“Don’t Panic: It’s Longer Now.” While these are two drastically different albums — one throwback pop, the other pop punk — it’s the perfect representation of the music I listen to. While most of my musical taste centers around alternative bands you would find on the Vans Warped Tour, like All Time Low, Mayday Parade, Yellowcard and Fall Out Boy, there’s a part of me that also loves mainstream chart-toppers, like Katy Perry, Taylor Swift, Justin Timberlake and Eminem. There was about two years of my life, my senior year of high school and first year of college, where I completely shunned — for the most part anyway — all mainstream music. And then I realized

something — I had become one of those self-righteous, pretentious music listeners that I hated. All along, I had never actually hated listening to Lady Gaga or John Mayer, I just wanted people to think I was so cool for listening to music by bands they had never heard of. Since I’ve gotten over that, my experience as a music listener has been so much more enjoyable. To continue my trend of enjoying a more diverse group of musicians, this year I’ve started going to concerts for mainstream artists. While I’ve seen Keith Urban in concert three times, Rascal Flatts twice and Rihanna on a whim one summer, that was about it for my experience of attending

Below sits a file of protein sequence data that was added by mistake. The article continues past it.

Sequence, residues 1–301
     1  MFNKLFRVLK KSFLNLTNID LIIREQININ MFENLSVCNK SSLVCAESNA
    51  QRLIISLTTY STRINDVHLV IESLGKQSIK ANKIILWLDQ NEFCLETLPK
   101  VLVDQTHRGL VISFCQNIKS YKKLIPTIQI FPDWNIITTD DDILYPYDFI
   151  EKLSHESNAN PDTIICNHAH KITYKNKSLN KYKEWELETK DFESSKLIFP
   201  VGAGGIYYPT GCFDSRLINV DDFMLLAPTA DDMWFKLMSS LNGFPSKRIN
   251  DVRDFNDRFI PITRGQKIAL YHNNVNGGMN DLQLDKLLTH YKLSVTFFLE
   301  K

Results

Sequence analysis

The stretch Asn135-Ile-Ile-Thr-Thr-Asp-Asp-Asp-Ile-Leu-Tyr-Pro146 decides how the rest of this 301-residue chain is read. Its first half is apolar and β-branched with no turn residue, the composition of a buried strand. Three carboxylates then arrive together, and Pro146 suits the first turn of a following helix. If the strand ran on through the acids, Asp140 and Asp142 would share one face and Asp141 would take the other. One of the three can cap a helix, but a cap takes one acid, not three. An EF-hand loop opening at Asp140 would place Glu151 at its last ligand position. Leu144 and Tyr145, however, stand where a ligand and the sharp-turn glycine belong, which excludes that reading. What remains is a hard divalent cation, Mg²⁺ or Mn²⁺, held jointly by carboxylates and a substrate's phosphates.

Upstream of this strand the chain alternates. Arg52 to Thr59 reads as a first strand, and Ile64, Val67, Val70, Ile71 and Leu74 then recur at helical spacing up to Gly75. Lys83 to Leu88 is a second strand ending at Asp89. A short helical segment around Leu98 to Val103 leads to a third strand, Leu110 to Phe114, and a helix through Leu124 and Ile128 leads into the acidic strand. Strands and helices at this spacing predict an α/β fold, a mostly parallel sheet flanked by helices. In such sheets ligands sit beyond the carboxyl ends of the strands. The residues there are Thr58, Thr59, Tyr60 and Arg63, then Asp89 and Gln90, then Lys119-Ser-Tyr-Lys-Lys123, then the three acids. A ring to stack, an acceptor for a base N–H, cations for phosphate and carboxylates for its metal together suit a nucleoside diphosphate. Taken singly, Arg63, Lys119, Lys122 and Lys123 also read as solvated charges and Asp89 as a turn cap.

mainstream arena concerts, until this year. Thus far I’ve already seen Taylor Swift and have tickets purchased to see Keith Urban and Justin Timberlake. While I love seeing bands in clubs, there is something to be said about seeing a show in an arena. As much as I love seeing my favorite bands live, sometimes it’s even more exciting to see what they can put together production-wise. What have I learned as an avid music fan? Don’t be ashamed of the music you listen to, it’s OK to genuinely like a wide array of artists and see as many of those bands in concert as possible because live music will always be the best way to listen to your favorite songs.

>> Are you an athlete, musician or veteran? To capture as many voices on campus, The Volante is looking for bloggers from all over USD to contribute online. Contact Volante Editor-in-Chief Megan Card at or by phone at 605-677-5494 if interested.

Social Media Highlights

Reach columnist Jackie Hendry at

‘Cloudy’ sequel comes up short with environmental stereotypes John Dailey The Volante